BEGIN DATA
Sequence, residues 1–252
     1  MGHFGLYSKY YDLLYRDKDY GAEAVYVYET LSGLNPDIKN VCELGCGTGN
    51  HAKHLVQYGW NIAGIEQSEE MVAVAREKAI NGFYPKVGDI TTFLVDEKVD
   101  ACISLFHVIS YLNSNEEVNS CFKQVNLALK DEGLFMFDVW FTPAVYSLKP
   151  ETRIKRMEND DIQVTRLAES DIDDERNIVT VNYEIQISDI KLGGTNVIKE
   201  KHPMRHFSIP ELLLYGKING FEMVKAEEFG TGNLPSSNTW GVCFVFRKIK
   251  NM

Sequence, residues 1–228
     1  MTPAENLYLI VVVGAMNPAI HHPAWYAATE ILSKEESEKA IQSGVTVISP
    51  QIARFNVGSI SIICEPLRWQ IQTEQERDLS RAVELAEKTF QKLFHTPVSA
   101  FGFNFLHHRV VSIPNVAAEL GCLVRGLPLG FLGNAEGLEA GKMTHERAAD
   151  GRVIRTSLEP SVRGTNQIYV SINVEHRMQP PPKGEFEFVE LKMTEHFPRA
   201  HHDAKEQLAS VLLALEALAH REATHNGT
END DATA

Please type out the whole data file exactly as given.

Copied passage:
Sequence, residues 1–252
     1  MGHFGLYSKY YDLLYRDKDY GAEAVYVYET LSGLNPDIKN VCELGCGTGN
    51  HAKHLVQYGW NIAGIEQSEE MVAVAREKAI NGFYPKVGDI TTFLVDEKVD
   101  ACISLFHVIS YLNSNEEVNS CFKQVNLALK DEGLFMFDVW FTPAVYSLKP
   151  ETRIKRMEND DIQVTRLAES DIDDERNIVT VNYEIQISDI KLGGTNVIKE
   201  KHPMRHFSIP ELLLYGKING FEMVKAEEFG TGNLPSSNTW GVCFVFRKIK
   251  NM

Sequence, residues 1–228
     1  MTPAENLYLI VVVGAMNPAI HHPAWYAATE ILSKEESEKA IQSGVTVISP
    51  QIARFNVGSI SIICEPLRWQ IQTEQERDLS RAVELAEKTF QKLFHTPVSA
   101  FGFNFLHHRV VSIPNVAAEL GCLVRGLPLG FLGNAEGLEA GKMTHERAAD
   151  GRVIRTSLEP SVRGTNQIYV SINVEHRMQP PPKGEFEFVE LKMTEHFPRA
   201  HHDAKEQLAS VLLALEALAH REATHNGT